The Azovstal steel and iron works is the last stand for Ukrainian troops inside the besieged city of Mariupol, which is now almost entirely occupied by Russian forces.
Hundreds of civilians are thought to be holed up in bomb shelters beneath the industrial complex alongside soldiers, marines and medics.
Initially, the site was expected to be the scene of a bloody battle, with Russian units attempting to seek out the remaining Ukrainian forces in the tunnels below.
Putin switches strategy
But on Thursday, President Vladimir Putin changed his strategy, calling off the Russian assault and ordering a blockade of the complex instead.
Information about the situation on the ground is thin. Most of the reports come from Russian military units, who have a vested interest in appearing to have control of the site.
So what has happened at Azovstal so far and how has this industrial facility become the final outpost in the long and brutal battle for Mariupol?
As Russian forces made territorial gains in other parts of Mariupol, the Azovstal plant remained in Ukrainian hands.
The leader of the so-called Donetsk People’s Republic (DPR) claimed the site was one of the main hubs of resistance to Russian forces inside Mariupol on 30 March.
Three days later, a post on Chechen leader Ramzan Kadryov’s Telegram channel said that his forces had begun an assault on the facility.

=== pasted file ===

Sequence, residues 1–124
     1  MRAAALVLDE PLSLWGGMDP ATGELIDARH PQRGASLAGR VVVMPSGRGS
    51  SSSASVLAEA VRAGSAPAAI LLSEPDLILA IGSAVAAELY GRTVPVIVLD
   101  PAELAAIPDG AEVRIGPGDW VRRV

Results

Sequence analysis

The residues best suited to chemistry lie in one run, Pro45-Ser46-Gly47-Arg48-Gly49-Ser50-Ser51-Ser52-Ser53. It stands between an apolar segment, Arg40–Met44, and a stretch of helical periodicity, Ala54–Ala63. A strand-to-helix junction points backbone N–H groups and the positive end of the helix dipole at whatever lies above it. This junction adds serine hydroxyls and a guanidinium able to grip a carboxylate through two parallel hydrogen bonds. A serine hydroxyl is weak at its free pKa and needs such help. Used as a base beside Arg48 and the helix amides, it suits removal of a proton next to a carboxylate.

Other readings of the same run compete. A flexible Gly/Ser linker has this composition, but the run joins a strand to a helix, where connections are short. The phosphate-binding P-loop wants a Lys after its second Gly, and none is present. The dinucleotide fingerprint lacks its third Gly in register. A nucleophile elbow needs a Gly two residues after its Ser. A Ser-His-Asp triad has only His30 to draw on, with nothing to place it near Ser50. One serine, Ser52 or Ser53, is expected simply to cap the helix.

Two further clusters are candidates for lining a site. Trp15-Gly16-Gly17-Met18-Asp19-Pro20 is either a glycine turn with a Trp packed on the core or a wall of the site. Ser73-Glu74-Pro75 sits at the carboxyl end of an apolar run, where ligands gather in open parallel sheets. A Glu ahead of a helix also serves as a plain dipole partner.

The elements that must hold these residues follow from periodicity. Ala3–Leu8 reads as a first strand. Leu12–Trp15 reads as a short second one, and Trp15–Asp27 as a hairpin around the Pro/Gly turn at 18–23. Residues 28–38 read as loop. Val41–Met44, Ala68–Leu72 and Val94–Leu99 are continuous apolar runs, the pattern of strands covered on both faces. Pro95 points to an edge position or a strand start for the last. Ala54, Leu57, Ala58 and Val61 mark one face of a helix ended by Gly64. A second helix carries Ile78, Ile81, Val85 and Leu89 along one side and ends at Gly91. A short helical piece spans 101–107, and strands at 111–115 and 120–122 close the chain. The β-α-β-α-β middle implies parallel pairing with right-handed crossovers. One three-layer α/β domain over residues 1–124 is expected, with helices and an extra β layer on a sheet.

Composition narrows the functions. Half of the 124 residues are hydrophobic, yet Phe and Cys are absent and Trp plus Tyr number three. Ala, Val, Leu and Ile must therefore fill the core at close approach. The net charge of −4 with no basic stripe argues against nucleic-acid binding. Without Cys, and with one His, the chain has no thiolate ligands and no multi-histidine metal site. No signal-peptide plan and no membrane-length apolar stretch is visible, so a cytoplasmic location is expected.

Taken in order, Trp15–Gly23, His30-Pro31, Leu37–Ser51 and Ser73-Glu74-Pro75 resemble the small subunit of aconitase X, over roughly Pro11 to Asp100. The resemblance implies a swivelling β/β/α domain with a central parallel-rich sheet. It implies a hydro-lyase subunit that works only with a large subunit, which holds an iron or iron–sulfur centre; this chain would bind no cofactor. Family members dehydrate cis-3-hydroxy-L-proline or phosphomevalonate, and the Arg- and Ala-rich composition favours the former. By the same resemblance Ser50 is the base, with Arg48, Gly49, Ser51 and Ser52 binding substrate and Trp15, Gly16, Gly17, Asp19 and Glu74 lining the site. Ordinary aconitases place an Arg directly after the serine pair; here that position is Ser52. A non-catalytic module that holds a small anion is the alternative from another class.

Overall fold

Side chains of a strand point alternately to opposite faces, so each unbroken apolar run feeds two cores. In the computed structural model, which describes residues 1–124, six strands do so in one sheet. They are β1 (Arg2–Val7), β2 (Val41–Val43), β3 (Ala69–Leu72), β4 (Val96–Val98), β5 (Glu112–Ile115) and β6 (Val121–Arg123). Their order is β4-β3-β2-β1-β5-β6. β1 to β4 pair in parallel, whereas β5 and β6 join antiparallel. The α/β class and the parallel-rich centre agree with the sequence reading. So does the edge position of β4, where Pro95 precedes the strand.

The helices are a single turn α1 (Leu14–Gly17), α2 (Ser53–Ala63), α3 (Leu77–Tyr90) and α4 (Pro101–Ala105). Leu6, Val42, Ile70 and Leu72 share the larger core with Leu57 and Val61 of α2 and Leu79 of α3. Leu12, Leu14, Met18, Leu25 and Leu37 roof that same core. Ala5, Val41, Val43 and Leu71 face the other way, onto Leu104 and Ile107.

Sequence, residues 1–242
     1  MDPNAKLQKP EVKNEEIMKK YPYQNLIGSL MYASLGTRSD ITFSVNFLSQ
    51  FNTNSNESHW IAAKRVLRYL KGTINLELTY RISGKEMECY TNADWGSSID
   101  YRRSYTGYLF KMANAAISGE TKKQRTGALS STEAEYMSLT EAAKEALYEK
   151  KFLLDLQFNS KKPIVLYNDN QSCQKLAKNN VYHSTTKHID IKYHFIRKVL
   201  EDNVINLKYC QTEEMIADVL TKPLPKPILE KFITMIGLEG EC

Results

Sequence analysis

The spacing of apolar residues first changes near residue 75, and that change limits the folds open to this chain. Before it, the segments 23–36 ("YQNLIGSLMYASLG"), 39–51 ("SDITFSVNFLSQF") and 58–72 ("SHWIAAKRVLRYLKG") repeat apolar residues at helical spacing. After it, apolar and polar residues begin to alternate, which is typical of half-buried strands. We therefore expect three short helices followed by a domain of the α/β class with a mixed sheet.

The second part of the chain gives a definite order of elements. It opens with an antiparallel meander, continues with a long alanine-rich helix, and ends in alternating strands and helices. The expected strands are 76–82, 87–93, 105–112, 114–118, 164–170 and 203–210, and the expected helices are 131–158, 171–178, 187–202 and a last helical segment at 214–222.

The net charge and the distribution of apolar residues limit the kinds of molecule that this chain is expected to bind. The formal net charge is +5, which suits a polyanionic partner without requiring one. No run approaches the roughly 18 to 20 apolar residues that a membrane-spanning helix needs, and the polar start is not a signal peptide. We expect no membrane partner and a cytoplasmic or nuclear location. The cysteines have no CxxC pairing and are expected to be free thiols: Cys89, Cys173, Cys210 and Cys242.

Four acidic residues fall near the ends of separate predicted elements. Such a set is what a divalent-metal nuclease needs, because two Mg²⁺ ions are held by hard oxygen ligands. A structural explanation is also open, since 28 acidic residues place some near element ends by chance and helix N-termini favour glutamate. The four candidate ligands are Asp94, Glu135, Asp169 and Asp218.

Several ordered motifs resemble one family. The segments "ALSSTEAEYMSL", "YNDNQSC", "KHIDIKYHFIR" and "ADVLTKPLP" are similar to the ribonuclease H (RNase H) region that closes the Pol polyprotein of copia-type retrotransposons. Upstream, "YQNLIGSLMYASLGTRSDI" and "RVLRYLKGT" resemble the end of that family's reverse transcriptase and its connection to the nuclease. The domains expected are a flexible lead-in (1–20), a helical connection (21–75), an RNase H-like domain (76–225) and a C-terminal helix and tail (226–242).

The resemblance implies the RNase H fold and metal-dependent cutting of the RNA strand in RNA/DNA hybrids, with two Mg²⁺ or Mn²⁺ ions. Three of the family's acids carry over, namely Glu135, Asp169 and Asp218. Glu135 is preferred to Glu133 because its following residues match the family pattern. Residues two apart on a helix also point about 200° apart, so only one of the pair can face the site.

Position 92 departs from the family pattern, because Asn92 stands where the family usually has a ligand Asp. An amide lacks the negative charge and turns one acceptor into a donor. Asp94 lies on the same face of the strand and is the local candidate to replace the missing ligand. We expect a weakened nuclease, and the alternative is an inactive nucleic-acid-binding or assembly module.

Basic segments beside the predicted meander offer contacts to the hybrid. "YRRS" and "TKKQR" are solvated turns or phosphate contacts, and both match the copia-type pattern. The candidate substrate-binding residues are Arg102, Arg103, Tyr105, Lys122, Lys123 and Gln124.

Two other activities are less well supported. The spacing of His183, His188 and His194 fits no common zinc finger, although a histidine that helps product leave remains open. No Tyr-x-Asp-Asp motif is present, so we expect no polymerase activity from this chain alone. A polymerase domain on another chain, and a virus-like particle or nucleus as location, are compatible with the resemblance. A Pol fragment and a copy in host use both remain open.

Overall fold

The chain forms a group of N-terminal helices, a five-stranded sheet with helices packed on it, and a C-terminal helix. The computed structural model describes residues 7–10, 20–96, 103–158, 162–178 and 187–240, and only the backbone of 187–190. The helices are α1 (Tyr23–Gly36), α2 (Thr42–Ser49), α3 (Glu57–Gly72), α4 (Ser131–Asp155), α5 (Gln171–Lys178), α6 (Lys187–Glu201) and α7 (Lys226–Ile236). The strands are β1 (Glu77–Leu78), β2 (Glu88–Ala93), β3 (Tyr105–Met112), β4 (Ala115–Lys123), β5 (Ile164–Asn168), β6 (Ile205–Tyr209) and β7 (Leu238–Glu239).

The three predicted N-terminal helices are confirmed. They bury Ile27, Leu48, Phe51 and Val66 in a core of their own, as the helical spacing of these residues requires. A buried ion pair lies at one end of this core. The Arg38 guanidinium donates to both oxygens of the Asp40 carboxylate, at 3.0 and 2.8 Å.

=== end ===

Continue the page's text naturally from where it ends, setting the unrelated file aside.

Chechen forces launch assault
Chechen forces have been based in an area near the eastern edge of the Azovstal plant for some weeks, according to Janes, a global intelligence company.
“It seems in the east, in the shallow suburb between the [Azovstal] plant and the countryside, the Chechens and whoever else was fighting there had a bit of ebb and flow: they’d go forward, they’d come back,” defence experts at Janes said.
On 8 April, another video was shared online showing damage to an area on the northern perimeter of the complex.
Sky News has located the strike to a building in an industrial zone in the north of the plant.
Five days later, Russia said that 1,000 soldiers from Ukraine’s 36th Marines Brigade had surrendered to its forces at the steel works.
‘Surrender’ of one of Ukraine’s most capable regiments
In a video message, the Ukrainian Azov battalion seemed to confirm that at least some had surrendered, but also claimed that others had successfully joined up with Azov fighters.
The Azov regiment is the Ukrainian battalion that has been fighting Russian forces in Mariupol. They are widely considered to be one of Ukraine’s most capable units, but many of its troops are affiliated with Ukraine’s far-right.
Footage of the alleged surrender was broadcast on Russian state TV. In it, soldiers can be seen walking with their hands up.
Sky News was unable to independently verify the contents of the footage, but was able to geolocate it to northern Mariupol.
The focus on Azovstal has heightened significantly in the past week as claims of victory in Mariupol emanate from the Russian side.
By this time, both Chechen forces and DPR units had announced assaults on Azovstal, prompting fears of a bloody showdown in the tunnels beneath the complex, where civilians are also trapped.